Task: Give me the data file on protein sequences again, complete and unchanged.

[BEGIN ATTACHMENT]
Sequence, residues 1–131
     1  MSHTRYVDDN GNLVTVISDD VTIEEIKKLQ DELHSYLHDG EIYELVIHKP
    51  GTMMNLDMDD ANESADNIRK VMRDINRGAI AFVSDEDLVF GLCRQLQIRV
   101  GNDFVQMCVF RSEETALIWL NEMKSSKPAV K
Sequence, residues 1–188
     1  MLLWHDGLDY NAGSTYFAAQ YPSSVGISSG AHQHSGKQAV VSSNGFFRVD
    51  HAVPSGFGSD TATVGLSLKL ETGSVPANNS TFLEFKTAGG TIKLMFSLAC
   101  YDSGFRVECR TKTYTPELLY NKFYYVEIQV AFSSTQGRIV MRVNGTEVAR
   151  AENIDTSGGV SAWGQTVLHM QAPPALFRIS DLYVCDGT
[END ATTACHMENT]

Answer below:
Sequence, residues 1–131
     1  MSHTRYVDDN GNLVTVISDD VTIEEIKKLQ DELHSYLHDG EIYELVIHKP
    51  GTMMNLDMDD ANESADNIRK VMRDINRGAI AFVSDEDLVF GLCRQLQIRV
   101  GNDFVQMCVF RSEETALIWL NEMKSSKPAV K
Sequence, residues 1–188
     1  MLLWHDGLDY NAGSTYFAAQ YPSSVGISSG AHQHSGKQAV VSSNGFFRVD
    51  HAVPSGFGSD TATVGLSLKL ETGSVPANNS TFLEFKTAGG TIKLMFSLAC
   101  YDSGFRVECR TKTYTPELLY NKFYYVEIQV AFSSTQGRIV MRVNGTEVAR
   151  AENIDTSGGV SAWGQTVLHM QAPPALFRIS DLYVCDGT